back pain in children and adolescents

Back pain in children

We help patients with back pain in our physiotherapy clinic in Chandler’s Ford, Eastleigh. Visit our home page to find our more about us.

 

Back pain in children – what you will learn

 

I hope this blog post will be of some help to parents and other caregivers who may be concerned about back pain in their children and seek further advice/reassurance. This is a topic that is not discussed often in media, and I felt a need to explore it further. I have been inspired to write about it by an interview with Prof. Wally Krengel, orthopaedic surgeon.

From the article you will learn about the most common causes of back pain in children, what to do to help your little ones, and what symptoms should prompt you to seek further, medical advice. Lastly, you will also learn about rare causes of back pain in children and adolescents. I am going to omit trauma and accident-related back pain in children where it is obvious what caused the problem. In those cases, back pain usually gets better with time. Conservative approach plus anti-inflammatory medications (ibuprofen, naproxen) very often are sufficient in tackling the pain in this circumstance.

 

Back pain in children – should you worry?

 

Back pain in children and adolescents is not rare. It is more common that we would like to think. Many people think that if children have back pain, it must be a really serious problem (i.e. a type of blood cancer – leukaemia) but the truth is different. Most young back pain sufferers get better with time and their problem is not likely to be sinister. However, if you notice that your child, apart from back pain, has developed one of the following symptoms, it is best to call a doctor.

 

Constant back pain not going away with the change of position

  • Night pain
  • Low grade fevers
  • Weight loss
  • Back pain that lasts for more that 5-7 days
  • Unexplained Tiredness and Malaise
  • Not engaging in play

 

 

Back pain in active children

 

Back pain is common in active children.  If your child plays football, basketball, or is doing gymnastics and develops back pain, the chance is they have sustained a stress fracture (spondylolysis). These fractures commonly occur near spinal joints, and it is really important for a child to stop training for 2-3 month allowing the bone tissue to heal up properly. Otherwise, the risk is that with continuous engagement in sport your child may develop a condition called spondylolisthesis – a slippage of one vertebra on another. This may lead to more pain with more serious health consequences. Sometimes, an operation is required to correct the spine. Therefore it is so important to stop training and rest; in most cases this is sufficient for the full recovery and your child should be able to get back to sport within months.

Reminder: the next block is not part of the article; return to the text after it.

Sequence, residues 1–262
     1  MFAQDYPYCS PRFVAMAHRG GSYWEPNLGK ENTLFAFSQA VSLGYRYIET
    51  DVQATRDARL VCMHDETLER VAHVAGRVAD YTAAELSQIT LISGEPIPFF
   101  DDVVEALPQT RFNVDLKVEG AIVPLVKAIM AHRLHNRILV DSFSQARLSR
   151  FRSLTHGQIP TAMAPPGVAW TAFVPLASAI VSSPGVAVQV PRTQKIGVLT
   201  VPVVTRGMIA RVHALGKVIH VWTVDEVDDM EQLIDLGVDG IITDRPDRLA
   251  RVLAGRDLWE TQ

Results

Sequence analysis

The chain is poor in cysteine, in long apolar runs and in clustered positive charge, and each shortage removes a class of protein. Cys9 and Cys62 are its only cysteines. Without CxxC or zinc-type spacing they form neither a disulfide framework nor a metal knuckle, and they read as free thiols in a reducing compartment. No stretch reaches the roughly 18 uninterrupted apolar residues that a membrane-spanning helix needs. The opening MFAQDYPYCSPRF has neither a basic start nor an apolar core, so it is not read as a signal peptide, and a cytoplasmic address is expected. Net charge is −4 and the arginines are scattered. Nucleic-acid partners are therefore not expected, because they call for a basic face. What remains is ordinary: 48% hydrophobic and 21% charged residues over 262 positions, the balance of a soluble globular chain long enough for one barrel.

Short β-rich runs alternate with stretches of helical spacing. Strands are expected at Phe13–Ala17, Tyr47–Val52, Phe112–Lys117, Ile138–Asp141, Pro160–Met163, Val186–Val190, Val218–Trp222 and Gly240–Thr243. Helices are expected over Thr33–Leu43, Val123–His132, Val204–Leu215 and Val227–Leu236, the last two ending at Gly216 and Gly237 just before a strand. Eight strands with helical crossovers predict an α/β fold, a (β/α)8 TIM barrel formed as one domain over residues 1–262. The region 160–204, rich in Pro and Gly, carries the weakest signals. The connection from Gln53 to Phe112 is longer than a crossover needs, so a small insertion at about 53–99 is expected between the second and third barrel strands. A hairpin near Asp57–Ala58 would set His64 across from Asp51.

Back pain in children – how common is it?

 

Dr D.L. Skaggs decided to answer this question by conducting a research study ( it was in 2006, I think) in Los Angels. More than 1500 children took part and what the study revealed was that:

 

  • 37% of children suffered from back pain
  • 34% could not do all activities because of back pain
  • 14% had o take medication because of back pain

 

Back pain in children – other (rare) causes

 

There are of course other causes of back pain in children, but these are not so common. Remember, in 50% of cases we simply do not know what is causing back pain. Even with all the scans and other investigations we simply can’t find an anatomical reason behind the pain. Understandably, this may worry parents who send a child to see different specialists and undergo a series of diagnostic tests. A diagnostic work-up oftentimes reveals nothing and eventually the diagnosis is made of: functional back pain or non-specific back pain. Her eis the list of some other conditions that may cause back pain:

  • Scheuermann disease – excessive kyphosis (excessive curve), thoracic spine. In most cases it is self-limiting and does not affect children once they stop growing and their skeleton reaches maturity.
  • Herniated disc (slipped disc)- very rare; this condition mostly affects adults as with age intervertebral discs weaken and are prone to injuries.
  • Bertolotti Syndrom –  it is a malformation of the lumbar vertebra causing pain around the sacro-iliac joint, lumbar spine and along the iliac crest; Bertolotti was an Italian doctor who identified this problem in the beginning of XX century. Most children are asymptomatic with this condition, but some may suffer from back pain, especially later in life.
  • Pain may result from problems with the urinary tract, kidneys or constipation.

Very, very rarely there is more sinister cause of back pain such as cancer or infection

Back pain in children is not rare but seldom means a serious illness. Parents should observe the symptoms and seek medical attention if required.

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